Earlier this month, Digital UK, custodians of the Freeview channel numbering system, reported that it had written to children's and news channel operators reminding them of one-year-old plans to move them to new slots beyond channel 120 once channel 65 has been allocated.
The move would allow for further channels to launch on Freeview without channels launching messily around children's and news services. The plans had been put on ice last autumn following an unsuccessful appeal by Sky News against the move, which would see the channel move from channel 82 to 133.
But how close are we to another Freeview channel reshuffle?
At the moment, just three more channel numbers (63, 64 and 65) need to be allocated to trigger another channel change. The "General Entertainment" section now runs until 62, thanks to the inclusion of Heart TV in Greater Manchester on Freeview channel 62.
Is there enough spare capacity to add another few channels in order for channel 65 to be allocated? Absolutely. Arqiva has spare capacity on the "COM5" multiplex, including the capacity used by BBC Red Button 302 temporarily during the summer.
From November, local TV multiplex operator Comux will need up to two channel numbers for its new "City DTT" service, which will allow for up to two extra channels to transmit alongside the new local TV signal across many areas of the UK.
On the flip side, channel 48 is currently vacant following Food Network's move to channel 41 last month. Subscription service Top Up TV is closing down, meaning that UKTV needs to replace the current pay TV content on channels 26 and 54 to keep those channel numbers going. BT Sport Preview on channel 57 may become a casualty of new channel 5 Later, which looks set to take the bandwidth currently used for BT Sport's free-to-air promo channel for a new service on channel 55. The future of Marketplace on channel 50, which uses the Top Up TV bandwidth in the mornings is also unclear.
This could create a "shuffle-up" of Freeview channels to fill gaps, but could lead to a longer wait until channel 65 is finally allocated, giving the children's and news channels a reprieve.
However, waiting in the wings is IPTV, in the form of multiplex operator Arqiva's Connect TV service. This new service has the potential to create a rush for Freeview channel numbers in the "General Entertainment" section. Connect TV allows broadcasters to stream their channels via the internet to compatible connected Freeview HD devices, thus allowing part-time Freeview channels to go full-time, by switching to the internet feed when their terrestrially delivered hours end and importantly doing this via their existing Freeview channel number.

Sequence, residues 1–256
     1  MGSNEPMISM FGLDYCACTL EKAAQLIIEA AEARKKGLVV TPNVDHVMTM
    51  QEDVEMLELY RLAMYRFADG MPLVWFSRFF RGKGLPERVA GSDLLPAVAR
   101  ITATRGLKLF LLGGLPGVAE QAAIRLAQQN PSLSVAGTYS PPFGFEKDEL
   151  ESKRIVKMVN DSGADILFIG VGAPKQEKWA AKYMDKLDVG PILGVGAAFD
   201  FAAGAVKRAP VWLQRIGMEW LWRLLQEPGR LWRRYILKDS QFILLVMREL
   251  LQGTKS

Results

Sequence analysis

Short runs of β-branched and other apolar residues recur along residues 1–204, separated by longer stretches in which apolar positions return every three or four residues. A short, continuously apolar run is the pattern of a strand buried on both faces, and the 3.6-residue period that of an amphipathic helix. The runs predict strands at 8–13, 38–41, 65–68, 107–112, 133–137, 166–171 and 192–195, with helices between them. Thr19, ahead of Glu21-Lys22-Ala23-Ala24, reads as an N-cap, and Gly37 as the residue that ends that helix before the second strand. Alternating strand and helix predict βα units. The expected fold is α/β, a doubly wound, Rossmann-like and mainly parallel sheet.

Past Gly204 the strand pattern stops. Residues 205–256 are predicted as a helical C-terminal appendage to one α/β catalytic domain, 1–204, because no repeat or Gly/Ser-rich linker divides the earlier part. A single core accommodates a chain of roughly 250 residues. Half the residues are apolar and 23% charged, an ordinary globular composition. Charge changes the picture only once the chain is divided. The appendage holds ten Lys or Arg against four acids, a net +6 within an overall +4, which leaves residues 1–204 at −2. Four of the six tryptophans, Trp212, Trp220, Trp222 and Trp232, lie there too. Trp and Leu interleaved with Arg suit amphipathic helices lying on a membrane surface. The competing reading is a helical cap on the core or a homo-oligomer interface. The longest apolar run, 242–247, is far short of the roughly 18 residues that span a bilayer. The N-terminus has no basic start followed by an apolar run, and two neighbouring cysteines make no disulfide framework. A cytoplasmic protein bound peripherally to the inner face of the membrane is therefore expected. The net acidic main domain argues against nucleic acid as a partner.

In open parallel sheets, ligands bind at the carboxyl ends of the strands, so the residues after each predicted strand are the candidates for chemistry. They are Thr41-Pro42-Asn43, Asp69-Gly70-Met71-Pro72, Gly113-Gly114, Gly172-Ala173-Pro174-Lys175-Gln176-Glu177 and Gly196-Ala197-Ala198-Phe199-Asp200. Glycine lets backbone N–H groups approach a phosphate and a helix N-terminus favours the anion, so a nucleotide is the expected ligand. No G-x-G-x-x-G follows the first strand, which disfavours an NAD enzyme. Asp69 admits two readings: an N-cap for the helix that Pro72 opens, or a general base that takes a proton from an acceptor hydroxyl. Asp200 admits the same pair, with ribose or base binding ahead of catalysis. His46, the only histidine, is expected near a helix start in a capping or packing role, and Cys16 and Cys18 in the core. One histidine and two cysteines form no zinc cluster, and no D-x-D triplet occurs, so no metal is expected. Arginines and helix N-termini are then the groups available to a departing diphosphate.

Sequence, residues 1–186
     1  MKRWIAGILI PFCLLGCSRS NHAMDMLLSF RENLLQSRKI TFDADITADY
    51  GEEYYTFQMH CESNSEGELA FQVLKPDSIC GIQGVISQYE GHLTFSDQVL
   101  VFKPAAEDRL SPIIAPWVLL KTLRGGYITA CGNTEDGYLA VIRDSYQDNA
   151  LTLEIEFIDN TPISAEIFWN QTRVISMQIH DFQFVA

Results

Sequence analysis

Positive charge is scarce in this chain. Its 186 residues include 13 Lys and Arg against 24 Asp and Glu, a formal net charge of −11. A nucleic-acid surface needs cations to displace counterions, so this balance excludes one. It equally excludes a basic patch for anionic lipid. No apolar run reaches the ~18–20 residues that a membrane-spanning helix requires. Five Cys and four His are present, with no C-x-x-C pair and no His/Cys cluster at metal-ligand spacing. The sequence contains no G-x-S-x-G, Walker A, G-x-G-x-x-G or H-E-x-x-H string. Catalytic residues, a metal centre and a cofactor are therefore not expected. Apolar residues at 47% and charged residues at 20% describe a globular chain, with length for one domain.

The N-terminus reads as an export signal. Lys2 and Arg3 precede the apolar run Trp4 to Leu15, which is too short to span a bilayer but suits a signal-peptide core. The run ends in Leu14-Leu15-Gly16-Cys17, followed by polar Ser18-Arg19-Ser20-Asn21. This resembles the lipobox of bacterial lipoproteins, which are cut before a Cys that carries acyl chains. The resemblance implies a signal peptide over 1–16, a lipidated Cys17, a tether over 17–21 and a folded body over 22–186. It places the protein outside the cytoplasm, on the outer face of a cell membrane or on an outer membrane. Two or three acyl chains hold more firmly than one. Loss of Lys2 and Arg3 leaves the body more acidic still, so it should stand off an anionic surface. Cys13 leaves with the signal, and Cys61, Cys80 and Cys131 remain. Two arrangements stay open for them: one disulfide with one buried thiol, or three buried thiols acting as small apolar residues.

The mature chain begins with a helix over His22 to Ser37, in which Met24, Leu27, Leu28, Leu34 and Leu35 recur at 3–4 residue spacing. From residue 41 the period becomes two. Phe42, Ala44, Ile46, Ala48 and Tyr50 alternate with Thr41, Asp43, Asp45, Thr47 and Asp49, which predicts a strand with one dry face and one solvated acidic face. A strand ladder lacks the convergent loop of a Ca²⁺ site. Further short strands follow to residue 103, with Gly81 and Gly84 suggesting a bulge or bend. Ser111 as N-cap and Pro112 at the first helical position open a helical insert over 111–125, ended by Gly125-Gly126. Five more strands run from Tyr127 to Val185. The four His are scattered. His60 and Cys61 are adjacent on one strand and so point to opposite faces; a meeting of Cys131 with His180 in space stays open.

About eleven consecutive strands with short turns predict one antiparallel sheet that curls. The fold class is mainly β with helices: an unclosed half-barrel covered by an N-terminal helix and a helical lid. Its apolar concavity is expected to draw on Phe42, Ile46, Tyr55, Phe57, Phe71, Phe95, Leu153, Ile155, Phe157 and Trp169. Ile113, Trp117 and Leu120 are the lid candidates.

All of a sudden, currently unused and unpopular off-peak slots on the Freeview service become very lucrative. A broadcaster can now theoretically choose to either run a completely 24/7 IPTV service via Connect TV and be allocated a channel number in the IPTV graveyard beyond channel 225, or it can go part IPTV/part terrestrial by arranging an hour or two of carriage via Freeview early in the morning, so it is allocated a more prominent channel number at the end of the "General Entertainment" section, and go internet-only via the same channel number the rest of the day.
The cost of terrestrial carriage during off-peak hours would be offset by a better, lower channel number seen by more viewers, increasing ratings and encouraging advertisers to pay more for ad slots.
Taking all of the above into account, it can't be long before channel 65 is allocated, triggering a move of children's and news channels.
Advantages of a reshuffle occurring soon
If this happened early in 2014, it would come just at the time when extra Freeview HD channels are being rolled out to around two-thirds of the UK population. On their way to the new children's and news channel numbers, Freeview HD device owners would have to browse past the new HD channels (located between 105-120) and any possible part IPTV/part terrestrially delivered channels at the end of the General Entertainment section, meaning that these new services would be discovered more quickly by viewers, which can only be in the broadcasters and multiplex operators best interests.
But there's one reshuffle unlikely to happen soon: It is clear from comments to a516digital and other social media websites that some viewers disagree with the notion of keeping shopping channels embedded among entertainment channels. But teleshopping
providers and their lobbyists have ensured they don't get cleared
out to a standalone section near the bottom of the EPG, as is the case
on platforms such as Freesat, seeing off previous attempts to move their channels down the list, even having the matter raised in Parliament.